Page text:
Texture Pattern Color Shine (TPCS): Keep this acronym in mind when thinking about the “something special” your clothing has. No piece should have more than two; one is even better. My dress is royal blue, so that covers color; if it were blue with stripes, it might not be as versatile; if it were blue with stripes and sequins, it would be an unwearable mess. If you have pieces with just one special thing about them, then they’re easier to combine with each other and with accessories, because you can balance everything else around that feature.
Reaction: I look at this dress and think, “I want to wear this.” You should always have this reaction to your clothes, and only buying things you love will help you achieve it. If you can think of an excuse to not wear something (other than it being grossly inappropriate for the occasion), you will probably have that reaction every time you go to put it on.
Other things to consider:
Accessories: “Minimalist” jewelry is often easily identifiable–simple, clean, delicate pieces. Personally, I love these designs, but you don’t have to to be minimal in your accessories. When adding to an outfit, divide your body in half and give each half one statement: either necklace OR earrings on top, bracelets OR rings on bottom. If you let one of these take the lead, then the others can provide the back-up harmonies.
Beauty: I tend to not adjust my makeup for specific outfits other than with the basic palette (you don’t want your face completely mis-matched with your clothes). As a result, my makeup is very natural-looking to the point of most people not even noticing it’s there. There are great products on the market today that can simplify any beauty routine because they combine several things in one: BB cream is a new favorite of mine. But if you only put on one beauty product, make it sunscreen. Stop complaining. Just do it.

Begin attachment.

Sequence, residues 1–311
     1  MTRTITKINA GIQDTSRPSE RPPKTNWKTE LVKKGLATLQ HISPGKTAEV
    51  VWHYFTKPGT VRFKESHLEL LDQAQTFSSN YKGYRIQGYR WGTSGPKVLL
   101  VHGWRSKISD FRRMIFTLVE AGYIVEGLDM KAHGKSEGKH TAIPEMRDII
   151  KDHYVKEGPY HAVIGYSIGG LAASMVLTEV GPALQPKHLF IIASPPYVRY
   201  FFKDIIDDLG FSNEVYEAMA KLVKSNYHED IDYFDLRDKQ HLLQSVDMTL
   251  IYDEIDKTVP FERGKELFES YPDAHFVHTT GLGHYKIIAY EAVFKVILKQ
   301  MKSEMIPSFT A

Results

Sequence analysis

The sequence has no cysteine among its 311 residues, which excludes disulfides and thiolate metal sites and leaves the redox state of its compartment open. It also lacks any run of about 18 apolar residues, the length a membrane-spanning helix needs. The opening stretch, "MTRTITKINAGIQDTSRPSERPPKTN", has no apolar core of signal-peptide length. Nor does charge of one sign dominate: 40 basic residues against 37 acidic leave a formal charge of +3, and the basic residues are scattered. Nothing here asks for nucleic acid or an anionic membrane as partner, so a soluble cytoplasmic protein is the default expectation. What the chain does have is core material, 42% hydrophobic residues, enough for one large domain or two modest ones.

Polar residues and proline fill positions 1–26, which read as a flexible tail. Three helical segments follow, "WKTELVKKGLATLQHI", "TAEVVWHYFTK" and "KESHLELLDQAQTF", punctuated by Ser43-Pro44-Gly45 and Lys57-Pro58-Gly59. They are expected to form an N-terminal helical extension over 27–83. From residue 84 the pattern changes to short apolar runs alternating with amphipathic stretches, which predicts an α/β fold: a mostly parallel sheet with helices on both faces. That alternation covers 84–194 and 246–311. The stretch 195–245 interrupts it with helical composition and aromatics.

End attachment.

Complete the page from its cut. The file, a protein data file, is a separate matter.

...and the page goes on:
Finding your perfect minimalist style may involve some trial and error, but in the end it all comes down to instincts. You knew when you were small that to be the princess/fairy/firefighter/athlete you’d have to dress the part, so what’s stopping you from dressing the part now?
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Photo: Jennifer Kurdyla; J.Crew; (Audrey Hepburn) Fred Baby via Flickr; Kelly Ann via Flickr